O.k. - starting off with this one in the Spenser series might leave you a bit helpless at the beginning. April Kyle returns, a prostitute once "saved" by Spenser. Hawk, Susan of course, and Pearl the wonder-dog. Also several of the more shady characters Parker created make a welcome come-back.

Things start off quite easily, with the greatest dialogue keeping you both on the edge of your seat and laughing your head off. That's where Parker is best. It's also why he doesn't need much space for descriptions. The characters jump into your face by what he makes them say.

As the story unfolds, things get darker, not just because of Hawk.

I won't go much into the story-line. As always it's fast-paced. Just a few words so you get the feeling. April is now a Madam, more or less managing her own house. The more-or-less is where the trouble starts. Others want a part of her success. But since there are quite a few bastards on her trail, she asks Spenser for help. Of course he solves the case in the end, just not the way April expected him to.

So, when you know Spenser, get this one, it's one of the best. If you don't, get it too - and the other ones, starting with "Ceremony" and "Taming A Sea-Horse", the two other books with April Kyle.
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on November 26, 2006
Perhaps with your background, you could have explained to the reader why a girl like this would have suddenly started to murder people. This does not seem real. Yes, she was a messed up young woman, but murder? I find this hard to believe. The dialog with Hawk was boring, the relationship with Susan was boring. I hope you get it right next time. I want to read a book that includes Hawk, Susan, Pearl and Spencer. Janet Evanovich has been able to give equal time to her new series. I think you are spreading yourself thinly.

I used to be a big fan, I'm losing it...
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on November 10, 2006
April Kyle, the young girl Spenser saved from a vicious prostitution ring only to move her up to a top-of-the-line prostitution ring, is back and once more needs to be saved. Only this time she's a full-grown woman running an independent sex operation of her own. When she shows up in Spenser's office, he doesn't at first recognize her. Then, after he does, she talks about how thugs are menacing her operation, trying to cut in on her business. Spenser takes up her defense and soon finds himself enmeshed against a local thug working for a high-rolling predator.

Robert B. Parker is the bestselling author of the Spenser, Jesse Stone, and Sunny Randall series as well as several independent works like WILDERNESS, LOVE & GLORY, and APPALOOSA. A television show, SPENSER: FOR HIRE, was based on his novels, as well as several made-for-TV movies. His Jesse Stone series has become a series of made-for-TV movies starring Tom Selleck.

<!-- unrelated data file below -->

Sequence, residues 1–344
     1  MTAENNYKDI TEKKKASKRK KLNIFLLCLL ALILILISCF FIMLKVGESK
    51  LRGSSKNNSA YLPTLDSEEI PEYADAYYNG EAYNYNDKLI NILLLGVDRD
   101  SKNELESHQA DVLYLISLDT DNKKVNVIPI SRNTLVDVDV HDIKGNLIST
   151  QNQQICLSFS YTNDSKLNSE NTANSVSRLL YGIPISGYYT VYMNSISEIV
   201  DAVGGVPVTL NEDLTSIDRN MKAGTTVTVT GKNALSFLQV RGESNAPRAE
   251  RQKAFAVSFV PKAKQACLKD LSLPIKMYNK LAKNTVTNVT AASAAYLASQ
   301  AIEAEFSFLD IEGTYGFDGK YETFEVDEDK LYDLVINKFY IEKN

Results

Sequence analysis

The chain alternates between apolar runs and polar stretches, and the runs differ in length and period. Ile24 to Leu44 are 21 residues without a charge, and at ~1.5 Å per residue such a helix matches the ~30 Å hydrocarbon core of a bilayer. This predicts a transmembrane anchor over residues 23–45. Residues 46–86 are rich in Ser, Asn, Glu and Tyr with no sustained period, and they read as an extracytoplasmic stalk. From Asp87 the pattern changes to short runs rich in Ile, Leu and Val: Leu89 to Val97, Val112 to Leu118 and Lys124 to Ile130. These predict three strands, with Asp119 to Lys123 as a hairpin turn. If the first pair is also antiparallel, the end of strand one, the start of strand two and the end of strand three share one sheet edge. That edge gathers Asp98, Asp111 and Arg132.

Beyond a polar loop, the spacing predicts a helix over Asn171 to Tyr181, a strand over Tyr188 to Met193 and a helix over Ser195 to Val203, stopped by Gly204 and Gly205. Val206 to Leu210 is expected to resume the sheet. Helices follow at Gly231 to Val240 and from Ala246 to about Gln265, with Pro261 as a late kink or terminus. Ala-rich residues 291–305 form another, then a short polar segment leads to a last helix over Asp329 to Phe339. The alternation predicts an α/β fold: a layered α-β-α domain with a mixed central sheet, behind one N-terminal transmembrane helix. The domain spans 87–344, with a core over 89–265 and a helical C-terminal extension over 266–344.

Parker's writing, as always, is elegant and smooth, whipping by in a blur as a seasoned reader slips comfortably back into the familiar world the author's been writing about for the last 30 years. April Kyle's story is a familiar one: she's in trouble and Spenser has to ride to the rescue. The violence and action develops well, and even the psychological profiling that Susan does fits the story in a satisfying manner. Hawk is present, riding backup as he usually does, and even Teddy Sapp, Frank Belson, and Martin Quirk put in appearances.

I would have liked a little more history developed on April Kyle. In particular, why she left her family in the first place back in CEREMONY. That character development seemed to be missing in this book.

As always, Parker's fans have been waiting on this novel. Knowing that it would be about April Kyle has made the wait even more intolerable. But it's here now, and long-time readers will enjoy the excursion with Spenser. I really suggest new readers pick up copies of CEREMONY and TAMING A SEA-HORSE before reading this one. That way more emotional context will be present for them.
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on February 17, 2016
Fairly good story, much the same type of plot as in his earlier books. He gets hired to investigate a problem, few details found, and for the next 75% of the book, the hero hasn't a clue as to who done it. Then, in the last 10 pages, he gets a hint, solves the problem with a happy ending.
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on January 9, 2007
The story revisits old Spenser characters. I've read them all and this one still keeps the interest.